Friday, November 26, 2010

Philosophy: Freedom as Limits

We are only free in that we have limits.

What do I mean?

A little over a month ago, I wrote a post on homosexuality, and on what I see as a mistake in how the debate about it is usually conducted. I got many responses to that post (protip: if you want your blog to get a lot of hits, write on something controversial) and, in response to one of those, I wrote a comment about the relationship between genetics and choice. 

As I said in that comment, genetics are, in one sense, predetermining of the kind of people we will be. It might seem, then, that where genetics controls us, freedom is absent. Yet, I contend, there is a much more complicated relationship here, and, speaking more broadly, a much more complicated relationship between limits in general and freedom. 

Typically, we think of freedom, and consequently choice, as the ability to be free from constraints. Often, this is a metaphysical reflection on a political reality. A person held back by the law from driving 100mph down a busy street is not, in one sense, free to perform that action. And there is some truth in this, an utterly predetermined being, with no choice whatsoever in its course of action (for example, a rock) would in no sense be free.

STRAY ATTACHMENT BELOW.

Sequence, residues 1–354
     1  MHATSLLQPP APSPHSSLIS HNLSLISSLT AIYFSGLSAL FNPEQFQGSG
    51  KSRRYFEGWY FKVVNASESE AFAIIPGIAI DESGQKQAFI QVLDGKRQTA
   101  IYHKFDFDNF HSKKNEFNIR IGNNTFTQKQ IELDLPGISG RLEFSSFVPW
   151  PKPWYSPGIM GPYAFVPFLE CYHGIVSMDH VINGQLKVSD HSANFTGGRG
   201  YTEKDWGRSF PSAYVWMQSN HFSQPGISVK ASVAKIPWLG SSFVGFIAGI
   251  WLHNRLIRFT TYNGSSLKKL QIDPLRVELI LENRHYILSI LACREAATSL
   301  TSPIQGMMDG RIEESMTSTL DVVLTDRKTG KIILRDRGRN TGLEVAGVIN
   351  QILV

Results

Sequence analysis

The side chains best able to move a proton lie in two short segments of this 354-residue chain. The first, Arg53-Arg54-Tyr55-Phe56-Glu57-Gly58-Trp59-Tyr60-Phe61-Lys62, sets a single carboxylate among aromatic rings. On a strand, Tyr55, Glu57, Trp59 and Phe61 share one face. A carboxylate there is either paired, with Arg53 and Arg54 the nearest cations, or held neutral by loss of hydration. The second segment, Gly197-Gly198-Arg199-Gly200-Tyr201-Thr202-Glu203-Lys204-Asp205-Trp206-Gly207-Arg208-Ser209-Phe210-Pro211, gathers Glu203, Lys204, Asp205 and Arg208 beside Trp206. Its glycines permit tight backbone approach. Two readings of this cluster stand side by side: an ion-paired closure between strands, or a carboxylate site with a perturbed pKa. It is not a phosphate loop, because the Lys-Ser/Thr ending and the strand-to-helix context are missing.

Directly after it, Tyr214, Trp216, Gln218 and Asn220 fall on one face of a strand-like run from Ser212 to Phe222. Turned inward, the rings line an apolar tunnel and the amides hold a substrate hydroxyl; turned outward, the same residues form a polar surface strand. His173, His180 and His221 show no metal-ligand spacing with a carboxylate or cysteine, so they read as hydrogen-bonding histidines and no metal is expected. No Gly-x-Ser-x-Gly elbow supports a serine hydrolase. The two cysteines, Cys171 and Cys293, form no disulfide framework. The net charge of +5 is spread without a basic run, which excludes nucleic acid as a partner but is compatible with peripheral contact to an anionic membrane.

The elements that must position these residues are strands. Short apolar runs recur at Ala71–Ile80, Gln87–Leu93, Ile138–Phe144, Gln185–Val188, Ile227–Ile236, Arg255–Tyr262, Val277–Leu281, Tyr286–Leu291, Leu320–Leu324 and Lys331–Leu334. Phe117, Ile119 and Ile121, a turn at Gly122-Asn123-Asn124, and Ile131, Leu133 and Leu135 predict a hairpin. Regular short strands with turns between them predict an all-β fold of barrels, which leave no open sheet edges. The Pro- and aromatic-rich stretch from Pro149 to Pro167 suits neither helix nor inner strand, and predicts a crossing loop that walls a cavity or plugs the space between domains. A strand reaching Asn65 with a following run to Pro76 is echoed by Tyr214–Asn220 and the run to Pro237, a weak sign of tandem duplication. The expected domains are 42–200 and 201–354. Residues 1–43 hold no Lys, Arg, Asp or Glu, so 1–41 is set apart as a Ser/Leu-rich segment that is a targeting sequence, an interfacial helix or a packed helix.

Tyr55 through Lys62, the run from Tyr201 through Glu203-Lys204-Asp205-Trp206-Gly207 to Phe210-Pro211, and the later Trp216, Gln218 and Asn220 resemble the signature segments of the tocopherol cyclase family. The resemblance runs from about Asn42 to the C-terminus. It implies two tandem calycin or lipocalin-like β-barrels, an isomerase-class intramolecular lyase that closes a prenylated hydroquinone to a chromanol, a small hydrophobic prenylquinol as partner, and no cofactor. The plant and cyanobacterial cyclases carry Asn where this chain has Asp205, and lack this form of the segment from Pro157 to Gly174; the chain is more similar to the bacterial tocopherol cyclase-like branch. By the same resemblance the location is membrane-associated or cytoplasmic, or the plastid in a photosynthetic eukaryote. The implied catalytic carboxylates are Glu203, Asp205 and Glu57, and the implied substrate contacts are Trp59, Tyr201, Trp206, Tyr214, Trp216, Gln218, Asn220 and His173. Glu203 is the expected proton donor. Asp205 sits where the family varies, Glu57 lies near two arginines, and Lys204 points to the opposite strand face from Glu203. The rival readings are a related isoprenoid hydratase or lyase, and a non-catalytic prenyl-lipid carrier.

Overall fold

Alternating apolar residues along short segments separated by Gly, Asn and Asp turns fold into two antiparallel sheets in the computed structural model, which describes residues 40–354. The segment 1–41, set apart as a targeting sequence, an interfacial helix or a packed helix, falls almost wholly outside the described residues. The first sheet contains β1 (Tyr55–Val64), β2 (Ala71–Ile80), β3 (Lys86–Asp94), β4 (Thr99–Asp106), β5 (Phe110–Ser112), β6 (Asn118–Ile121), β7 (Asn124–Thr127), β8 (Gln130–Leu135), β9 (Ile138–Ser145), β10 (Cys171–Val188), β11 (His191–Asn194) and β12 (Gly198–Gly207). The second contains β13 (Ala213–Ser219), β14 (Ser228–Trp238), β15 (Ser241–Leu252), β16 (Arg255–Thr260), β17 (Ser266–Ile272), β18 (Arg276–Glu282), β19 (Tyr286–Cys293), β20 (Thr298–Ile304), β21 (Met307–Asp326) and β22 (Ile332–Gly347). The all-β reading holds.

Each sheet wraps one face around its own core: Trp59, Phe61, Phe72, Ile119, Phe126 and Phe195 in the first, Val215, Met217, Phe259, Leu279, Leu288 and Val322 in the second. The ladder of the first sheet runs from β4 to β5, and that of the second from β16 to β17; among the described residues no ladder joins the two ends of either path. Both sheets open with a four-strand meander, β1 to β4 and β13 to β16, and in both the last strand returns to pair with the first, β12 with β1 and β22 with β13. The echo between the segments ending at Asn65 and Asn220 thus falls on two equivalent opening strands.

However, there is a flipside to this. In having limits, I have something to act against, and that in turn actually gives me choice. Take the above mentioned case of genetics - genetics gives me a certain sort of body, and that body gives me limits (I can't fly or run faster than a locomotive), yet at the same time it is only in terms of that body that I can make many of my choices (whether to type and this computer or go for a jog for example). Without the limits of a body, the choices of physical actions would be meaningless. Likewise, the law may prevent me from going 100mph (without consequences) but this in turn means I'm free to cross the busy street without fearing a car barreling over me at 100mph. 

This last case also relates to a further point, that limits not only make us free, but they make us free to flourish. This is particularly true in the case of morality. Whatever your views to the objectivity of morality, anyone would agree that a person who feels protected from murder will be more likely to thrive (even though the choice of murdering another is thereby cut off to him).